A literary topic is the central concept or underlying meaning explored by a writer in a novel, short tale, or other literary work. A story's theme can be communicated through characters, setting, dialogue, narrative, or a mixture of all of these components. The theme of a work may be apparent from its title or stated in the first line of the text.
The theme of a literary work can also be inferred from the context in which it appears. For example, in Jane Austen's Pride and Prejudice, the theme is manifested in the conflict between two opposing values: pride vs. prejudice. Another example is Hamlet's dilemma about whether to act against his father's will or not; this question manifests itself theme within itself. Yet another example is the struggle for existence that underlies all nature stories; this theme is evident even in fairy tales such as "The Three Little Pigs."
The theme of a literary work can also be inferred from the details in the text themselves. For instance, in Charles Dickens' A Christmas Carol, the theme is kindness toward others. This can be seen in the way Scrooge changes his mind about money after helping poor people on Christmas Day.
Finally, the theme of a literary work can be deduced from the reaction of the audience or reader. For example, Thomas Hardy's The Mayor of Casterbridge shows us how one man's ambition can destroy him.
The theme of a literary work refers to the major concept or underlying meaning of the piece. It is the story's main concept, what the author is truly attempting to communicate, and what the author wants the reader to take away from the written work. A topic might be stated explicitly or impliedly. For example, in The Scarlet Letter, the theme is sexual repression, while in David Copperfield the theme is personal growth.
Some authors may get confused by these questions because they want to know how their work fits into a category rather than what its theme is. For example, an author could write a novel about two people who are facing death together without this being a love story (i.e., it's not necessarily about love). Or an author could write a novel with a dark theme but without explaining why this piece is important for society (i.e., it's not an analysis).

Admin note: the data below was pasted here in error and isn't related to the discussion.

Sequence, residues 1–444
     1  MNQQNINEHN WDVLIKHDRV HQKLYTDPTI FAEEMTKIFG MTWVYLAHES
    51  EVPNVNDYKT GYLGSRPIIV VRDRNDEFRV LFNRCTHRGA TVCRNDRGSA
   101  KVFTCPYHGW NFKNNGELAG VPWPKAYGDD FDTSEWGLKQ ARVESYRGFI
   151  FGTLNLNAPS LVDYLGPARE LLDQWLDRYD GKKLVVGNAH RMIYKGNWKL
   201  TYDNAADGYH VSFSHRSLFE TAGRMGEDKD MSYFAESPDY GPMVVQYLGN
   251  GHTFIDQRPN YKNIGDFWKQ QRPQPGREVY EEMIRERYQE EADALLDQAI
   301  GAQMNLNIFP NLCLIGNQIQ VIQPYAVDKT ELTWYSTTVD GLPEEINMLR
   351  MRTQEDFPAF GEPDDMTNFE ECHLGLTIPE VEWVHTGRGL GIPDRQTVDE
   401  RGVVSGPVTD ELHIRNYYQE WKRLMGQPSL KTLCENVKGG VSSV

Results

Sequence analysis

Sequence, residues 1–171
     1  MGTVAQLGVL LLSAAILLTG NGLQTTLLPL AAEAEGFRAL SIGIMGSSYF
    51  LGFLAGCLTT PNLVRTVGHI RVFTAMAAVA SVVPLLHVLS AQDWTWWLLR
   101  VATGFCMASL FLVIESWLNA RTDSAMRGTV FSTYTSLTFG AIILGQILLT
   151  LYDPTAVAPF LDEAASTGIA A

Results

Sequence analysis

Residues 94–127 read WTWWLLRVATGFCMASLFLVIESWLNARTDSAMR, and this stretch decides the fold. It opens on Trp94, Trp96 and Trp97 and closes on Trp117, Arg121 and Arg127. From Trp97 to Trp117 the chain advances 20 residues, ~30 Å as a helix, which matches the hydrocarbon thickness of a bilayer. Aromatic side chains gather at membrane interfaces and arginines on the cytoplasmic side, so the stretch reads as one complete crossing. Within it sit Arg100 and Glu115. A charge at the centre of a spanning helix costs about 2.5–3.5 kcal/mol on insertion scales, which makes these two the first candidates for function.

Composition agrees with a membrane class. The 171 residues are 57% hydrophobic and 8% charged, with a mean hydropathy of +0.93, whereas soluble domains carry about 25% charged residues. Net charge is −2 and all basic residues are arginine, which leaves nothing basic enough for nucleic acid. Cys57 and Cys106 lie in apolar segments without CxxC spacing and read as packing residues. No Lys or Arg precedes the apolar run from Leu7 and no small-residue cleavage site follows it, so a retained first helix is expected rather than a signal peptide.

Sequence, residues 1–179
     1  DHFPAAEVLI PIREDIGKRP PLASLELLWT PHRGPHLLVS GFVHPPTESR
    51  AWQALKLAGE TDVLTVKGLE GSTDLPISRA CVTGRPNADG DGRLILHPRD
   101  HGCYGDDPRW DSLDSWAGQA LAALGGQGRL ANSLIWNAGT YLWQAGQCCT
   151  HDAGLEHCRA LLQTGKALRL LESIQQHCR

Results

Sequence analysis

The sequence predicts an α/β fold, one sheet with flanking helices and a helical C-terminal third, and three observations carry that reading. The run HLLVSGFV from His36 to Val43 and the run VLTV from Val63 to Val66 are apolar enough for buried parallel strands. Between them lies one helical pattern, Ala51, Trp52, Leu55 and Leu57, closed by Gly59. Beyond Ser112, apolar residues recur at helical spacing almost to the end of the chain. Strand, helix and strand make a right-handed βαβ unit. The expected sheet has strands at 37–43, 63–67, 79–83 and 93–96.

Finally, some works may have more than one theme. For example, Pride and Prejudice explores class differences between the "lower" classes and the "higher" classes, but also includes a discussion of marriage contracts (which are still popular in some countries).
Love stories, social commentary, and novels about survival will almost always have at least one theme. Some themes are obvious, such as romance or justice, but others, such as family drama or psychological realism, can only be inferred by looking at the details within the work itself.
A theme in literature is a core or underlying notion that might be presented explicitly or indirectly. At least one topic runs through all novels, tales, poems, and other literary works. Through a topic, the writer may communicate human understanding or a worldview. Don't mistake a work's subject with its theme: each Shakespearean play has a subject (love, revenge, death) but only one overarching theme (human nature).
Themes can also include ideas rather than topics. For example, "Man's inhumanity to man" is a theme, while "Ivanhoe; or, The Knight of the Brazen Head" is a topic. Sometimes themes are very broad. For example, "Love is love" is a broad theme that could be explored in many different ways within a single work of literature. Other times they are more specific.
Some authors use theme names as headings for chapters. Others refer to them using details found in the text. Either way, they are important concepts to understand when reading literature.